Some cops denied gun permits for spousal abuse – FLA
Allegations of domestic violence are among the main reasons cops are being denied permits for private firearms, the regulatory agency has revealed.
The Firearm Licensing Authority (FLA) disclosed that in other cases, cops are denied permits because they are either on probation or still in training.
“The application process examines a spectrum of circumstances to include home inspections and criminal records and assesses the risks associated with each individual’s need for a private firearm,” the FLA said on Tuesday.
“Therefore, the applicant’s profession is not the sole deciding factor. Persons who apply to the FLA are applying on a personal basis and are not granted firearm licences for business/work purposes.”
Chief executive officer of the FLA, Shane Dalling, cited the case of a policeman who was relieved of his government-issued firearm by the Police High Command.
According to Dalling, the cop was deemed by JCF superiors to have mental issues and therefore “posed a risk to public safety”.
He said the FLA revoked the policeman’s gun permit after conducting its own inquiry, which included talks with the cop’s commanding officer, which confirmed the concerns.
However, Dalling charged that the cop, with the support of the Jamaica Police Federation, has gone to court to challenge the revocation.
“We had to act,” the FLA CEO insisted.
The case is still pending.
The disclosures by the FLA come days after the federation complained, in a Sunday Gleaner article, about the “high number” of police personnel who are being refused gun licences on the grounds that “they have not justified the need for one”.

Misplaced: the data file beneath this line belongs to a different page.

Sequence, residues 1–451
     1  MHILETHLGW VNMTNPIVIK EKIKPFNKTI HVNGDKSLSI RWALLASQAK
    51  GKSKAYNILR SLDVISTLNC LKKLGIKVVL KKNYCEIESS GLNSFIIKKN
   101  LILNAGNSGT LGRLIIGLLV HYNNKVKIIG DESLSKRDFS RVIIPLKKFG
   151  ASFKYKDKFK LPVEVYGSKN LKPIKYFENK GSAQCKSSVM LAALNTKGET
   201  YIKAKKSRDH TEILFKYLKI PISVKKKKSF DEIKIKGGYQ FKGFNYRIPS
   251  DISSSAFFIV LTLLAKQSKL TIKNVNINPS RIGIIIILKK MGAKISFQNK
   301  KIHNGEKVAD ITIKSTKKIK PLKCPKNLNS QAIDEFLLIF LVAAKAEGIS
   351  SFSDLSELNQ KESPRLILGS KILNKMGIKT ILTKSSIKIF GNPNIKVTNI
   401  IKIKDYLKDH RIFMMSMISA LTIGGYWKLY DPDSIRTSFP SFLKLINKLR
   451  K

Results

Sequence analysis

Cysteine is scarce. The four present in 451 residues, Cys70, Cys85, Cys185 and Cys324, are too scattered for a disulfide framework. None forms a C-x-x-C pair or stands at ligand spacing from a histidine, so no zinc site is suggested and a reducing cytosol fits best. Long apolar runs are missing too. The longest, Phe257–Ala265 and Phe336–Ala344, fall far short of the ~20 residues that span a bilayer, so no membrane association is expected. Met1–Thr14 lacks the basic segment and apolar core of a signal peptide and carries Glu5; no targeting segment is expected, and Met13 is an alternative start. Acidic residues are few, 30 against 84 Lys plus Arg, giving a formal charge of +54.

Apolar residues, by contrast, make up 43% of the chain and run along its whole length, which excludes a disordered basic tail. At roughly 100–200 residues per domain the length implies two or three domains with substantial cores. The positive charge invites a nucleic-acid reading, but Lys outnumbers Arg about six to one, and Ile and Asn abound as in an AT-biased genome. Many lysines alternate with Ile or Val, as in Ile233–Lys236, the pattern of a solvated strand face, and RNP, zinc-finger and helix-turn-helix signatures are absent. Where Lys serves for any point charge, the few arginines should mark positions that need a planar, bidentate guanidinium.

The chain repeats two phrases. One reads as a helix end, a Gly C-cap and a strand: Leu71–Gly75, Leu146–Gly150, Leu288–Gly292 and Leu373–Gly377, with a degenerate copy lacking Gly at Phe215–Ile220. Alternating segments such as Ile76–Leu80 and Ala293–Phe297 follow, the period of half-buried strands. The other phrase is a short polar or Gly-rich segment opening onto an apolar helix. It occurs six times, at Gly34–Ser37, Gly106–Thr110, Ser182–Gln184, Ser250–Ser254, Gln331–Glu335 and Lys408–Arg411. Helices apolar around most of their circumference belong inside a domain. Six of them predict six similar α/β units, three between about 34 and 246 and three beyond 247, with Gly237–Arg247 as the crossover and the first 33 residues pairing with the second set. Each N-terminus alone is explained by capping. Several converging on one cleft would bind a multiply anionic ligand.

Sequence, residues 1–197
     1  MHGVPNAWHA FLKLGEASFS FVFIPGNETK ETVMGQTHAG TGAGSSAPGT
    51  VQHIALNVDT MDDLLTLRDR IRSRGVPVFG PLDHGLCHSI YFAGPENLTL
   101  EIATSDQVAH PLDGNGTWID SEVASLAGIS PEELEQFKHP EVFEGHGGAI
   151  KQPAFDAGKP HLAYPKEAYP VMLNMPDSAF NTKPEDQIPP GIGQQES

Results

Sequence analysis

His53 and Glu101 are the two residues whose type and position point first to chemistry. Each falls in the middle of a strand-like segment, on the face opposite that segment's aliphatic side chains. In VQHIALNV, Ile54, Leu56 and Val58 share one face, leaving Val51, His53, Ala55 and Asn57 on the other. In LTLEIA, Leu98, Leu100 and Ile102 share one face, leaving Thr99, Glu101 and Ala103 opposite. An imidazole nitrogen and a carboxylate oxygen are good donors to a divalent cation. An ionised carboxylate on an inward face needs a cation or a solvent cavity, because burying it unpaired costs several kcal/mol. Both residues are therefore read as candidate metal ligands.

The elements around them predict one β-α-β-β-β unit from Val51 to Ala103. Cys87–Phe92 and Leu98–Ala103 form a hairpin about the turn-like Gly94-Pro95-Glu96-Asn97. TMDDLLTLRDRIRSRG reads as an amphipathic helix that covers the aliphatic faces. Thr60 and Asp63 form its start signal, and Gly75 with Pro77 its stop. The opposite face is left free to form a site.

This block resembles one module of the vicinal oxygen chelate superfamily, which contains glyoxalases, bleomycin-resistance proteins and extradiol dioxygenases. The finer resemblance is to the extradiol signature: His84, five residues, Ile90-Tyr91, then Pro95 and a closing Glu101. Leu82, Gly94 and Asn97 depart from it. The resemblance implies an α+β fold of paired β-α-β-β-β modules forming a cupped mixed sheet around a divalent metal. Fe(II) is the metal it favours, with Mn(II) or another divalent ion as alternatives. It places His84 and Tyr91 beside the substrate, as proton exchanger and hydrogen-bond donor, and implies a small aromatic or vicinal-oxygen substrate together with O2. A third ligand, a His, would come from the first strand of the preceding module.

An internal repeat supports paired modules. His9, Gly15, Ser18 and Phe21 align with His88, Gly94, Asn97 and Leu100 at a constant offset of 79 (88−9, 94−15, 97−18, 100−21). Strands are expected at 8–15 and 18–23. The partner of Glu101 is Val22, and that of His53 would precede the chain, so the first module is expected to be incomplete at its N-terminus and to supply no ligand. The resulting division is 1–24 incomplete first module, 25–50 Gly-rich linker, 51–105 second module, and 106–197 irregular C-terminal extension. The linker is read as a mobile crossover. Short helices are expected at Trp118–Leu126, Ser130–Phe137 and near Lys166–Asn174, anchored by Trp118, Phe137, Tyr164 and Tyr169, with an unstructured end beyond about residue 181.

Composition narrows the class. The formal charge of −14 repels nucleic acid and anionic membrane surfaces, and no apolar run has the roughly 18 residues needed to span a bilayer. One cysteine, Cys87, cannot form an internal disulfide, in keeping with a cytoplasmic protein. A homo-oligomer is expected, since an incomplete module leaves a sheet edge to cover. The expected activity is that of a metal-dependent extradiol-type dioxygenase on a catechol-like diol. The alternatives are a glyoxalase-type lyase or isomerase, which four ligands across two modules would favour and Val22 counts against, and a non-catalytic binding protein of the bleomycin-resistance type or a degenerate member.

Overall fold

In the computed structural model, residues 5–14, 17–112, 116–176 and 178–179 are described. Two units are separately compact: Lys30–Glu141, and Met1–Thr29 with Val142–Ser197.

The federation represents the interests of cops up to the rank of inspector.
In the last three weeks, at least 10 cops have reported that they were denied permits for private firearms, according to chairman of the federation, Sergeant Patrae Rowe.
Amid a number of attacks on members of the security forces in recent days, Rowe complained that the refusal of the permits makes it more difficult for cops to protect themselves and their families.
“This is absolutely ridiculous and we believe that the actions of the FLA are exposing our members to additional vulnerabilities,” he told The Sunday Gleaner.
But Dalling took issue with Rowe’s assertion, calling it “unfortunate” and “sensational”.
The FLA has met with the police union several times to discuss “the issues we have why police officers are denied [permits],” Dalling said on Radio Jamaica’s ‘Beyond the Headlines’ with host Dionne Jackson Miller.
“So, I don’t know why the Police Federation would make that statement.”
Dalling noted, also, that it is the Jamaica Constabulary Force (JCF) that is directly charged with the overall protection of cops in the execution of their duties.
“It is important to note that the FLA is the regulatory body responsible for the management and governance of private firearm ownership in Jamaica,” Dalling said in a statement on Tuesday responding to Rowe’s utterances.
“It is, therefore, unfortunate that Sergeant Rowe has sought to mislead the public that the FLA is exposing the police to harm by denying them firearm licences,” he added.
Dalling said as a matter of standard operating procedure, the FLA is mandated to govern the issuance of private firearm licences through comprehensive investigations, background checks, and a due diligence process that relies heavily upon the intelligence arms of the JCF.